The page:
Below is a summary of what we found. The summary is based on our observations during the inspection, speaking with people using the service and the staff supporting them and from looking at records.

If you want to see the evidence supporting our summary please read the full report.

Is the service safe?

People had care plans in place which told staff how to meet peoples' needs in the best way. This meant the service of care was safely delivered to people.

We found that people that used the service were protected from the risks of harm because there were safe systems in place to identify and prevent abuse from happening.

Is the service effective?

We found that the service effectively obtained peoples' consent to care and treatment before it was given to them and that the manager and staff understood their responsibilities regarding the Mental Capacity Act and Deprivation of Liberty safeguards. People were afforded their rights and these were upheld whenever possible.

Peoples' care plans were compiled following assessment, planning and reviewing of their needs and so they were an effective tool for telling staff how to support them. They also noted changes in needs and were effectively adjusted to ensure the care given to people was right for them.

There were effective systems in place to identify staff training needs, source the training that staff required and to record training as it happened. This meant people that used the service received effective support from staff who were given the skills to do their job.

Is the service caring?

We saw that staff were polite and helpful and went about their roles in a calm way. Staff were supportive and kind. People told us they liked the staff and that they were settled living at Lucy Lodge.

Is the service responsive?

The service responded to peoples' needs and changes in those needs by ensuring staff understood peoples' wishes and preferences and made changes to the way they were supported if necessary.

Is the service well led?

People that used the service had care plans in place that were regularly reviewed and reflected peoples' individual needs and preferences. The manager ensured these had been accurately implemented, which enabled staff to provide people with the care and support they required.

We found that the manager led by example and assisted with care and support when it was necessary. They used quality assurance and supervision systems well and practiced a management style that was inclusive, supportive and guiding in order to get the best from the service. The service was well led.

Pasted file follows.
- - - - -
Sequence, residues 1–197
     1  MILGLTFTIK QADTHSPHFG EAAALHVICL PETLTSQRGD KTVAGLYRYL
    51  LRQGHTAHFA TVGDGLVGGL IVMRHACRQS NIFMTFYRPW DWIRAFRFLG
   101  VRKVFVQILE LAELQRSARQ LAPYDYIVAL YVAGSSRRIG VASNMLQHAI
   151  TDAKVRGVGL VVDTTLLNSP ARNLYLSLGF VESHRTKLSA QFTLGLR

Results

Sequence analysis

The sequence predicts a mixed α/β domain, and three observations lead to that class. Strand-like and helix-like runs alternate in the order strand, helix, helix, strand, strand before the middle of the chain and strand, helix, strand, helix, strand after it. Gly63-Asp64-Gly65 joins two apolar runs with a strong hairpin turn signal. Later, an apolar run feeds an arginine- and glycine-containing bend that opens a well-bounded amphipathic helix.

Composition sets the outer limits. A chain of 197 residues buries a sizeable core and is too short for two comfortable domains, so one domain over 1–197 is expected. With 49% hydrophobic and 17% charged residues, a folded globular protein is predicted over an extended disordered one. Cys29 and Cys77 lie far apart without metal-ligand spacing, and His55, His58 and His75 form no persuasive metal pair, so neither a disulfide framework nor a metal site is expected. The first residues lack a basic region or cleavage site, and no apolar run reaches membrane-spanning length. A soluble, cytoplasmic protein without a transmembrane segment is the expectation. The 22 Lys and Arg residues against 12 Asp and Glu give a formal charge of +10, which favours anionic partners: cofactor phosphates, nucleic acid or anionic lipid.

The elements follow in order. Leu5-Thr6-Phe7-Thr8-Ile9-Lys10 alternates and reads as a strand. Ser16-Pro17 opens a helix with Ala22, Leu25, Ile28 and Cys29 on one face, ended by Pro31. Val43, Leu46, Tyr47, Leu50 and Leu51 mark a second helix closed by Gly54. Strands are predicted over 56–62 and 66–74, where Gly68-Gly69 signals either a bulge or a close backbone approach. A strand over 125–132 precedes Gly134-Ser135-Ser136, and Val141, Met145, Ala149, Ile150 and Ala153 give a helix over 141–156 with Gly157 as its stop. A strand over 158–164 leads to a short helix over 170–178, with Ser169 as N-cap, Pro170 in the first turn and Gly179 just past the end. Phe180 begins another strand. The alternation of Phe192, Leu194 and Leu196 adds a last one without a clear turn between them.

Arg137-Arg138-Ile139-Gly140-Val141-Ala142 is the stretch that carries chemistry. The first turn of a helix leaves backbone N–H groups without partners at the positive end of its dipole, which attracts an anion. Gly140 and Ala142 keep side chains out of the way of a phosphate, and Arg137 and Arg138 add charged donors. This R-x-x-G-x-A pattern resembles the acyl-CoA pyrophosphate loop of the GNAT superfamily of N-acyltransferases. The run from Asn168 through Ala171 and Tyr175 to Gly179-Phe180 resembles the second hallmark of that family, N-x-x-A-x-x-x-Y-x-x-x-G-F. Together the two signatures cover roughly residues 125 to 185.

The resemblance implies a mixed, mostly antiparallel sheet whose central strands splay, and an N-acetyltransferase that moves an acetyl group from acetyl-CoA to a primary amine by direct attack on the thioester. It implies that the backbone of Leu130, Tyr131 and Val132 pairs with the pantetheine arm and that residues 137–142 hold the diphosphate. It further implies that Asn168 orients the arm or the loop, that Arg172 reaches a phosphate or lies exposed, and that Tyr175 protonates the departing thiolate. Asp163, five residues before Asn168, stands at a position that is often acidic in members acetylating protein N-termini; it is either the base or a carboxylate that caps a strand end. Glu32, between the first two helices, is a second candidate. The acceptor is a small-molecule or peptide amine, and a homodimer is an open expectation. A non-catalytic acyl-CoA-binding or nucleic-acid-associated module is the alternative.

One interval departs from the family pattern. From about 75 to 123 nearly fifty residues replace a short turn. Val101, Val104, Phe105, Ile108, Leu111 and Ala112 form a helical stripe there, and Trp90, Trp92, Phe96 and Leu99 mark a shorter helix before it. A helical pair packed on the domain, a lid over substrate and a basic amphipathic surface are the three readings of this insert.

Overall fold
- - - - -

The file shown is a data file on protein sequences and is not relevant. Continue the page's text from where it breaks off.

Inspection carried out on 7 June 2013

During a routine inspection

People who lived in the home told us they had choices each day and this included the times for getting up or retiring to bed, what to eat and what to do each day. We saw that people�s care files included information about their personal preferences and choices. This assisted staff in ensuring people lived their life as they chose.

We observed interactions between people who lived in the home and the staff team and saw that these were polite and respectful.

Assessments of peoples needs were in place and care plans had been developed to record the support staff offered people. Risk assessments were in place to help protect people and daily diary notes recorded how people spent their time. People told us about the home and said, �It�s not too bad� and �It�s very good, it�s alright.�

Health needs were recorded in a separate file with records of the support the person had received from health professionals; although information in relation to people�s mental health could be developed further.

Policies and systems were in place for the handling of peoples medicines. People told us they were happy with this and one person was supported to administer their own medication. However storage of medication required to be kept cool was not secure.

There was a recruitment process in place to help ensure that the people employed were suitable for their role.

Additionally there were quality assurance systems in the home to ascertain people�s views about the home, although these had yet to be fully implemented. Health and safety checks were undertaken and maintenance checks were in place to help ensure that people were kept safe. However not all risk assessments had been completed.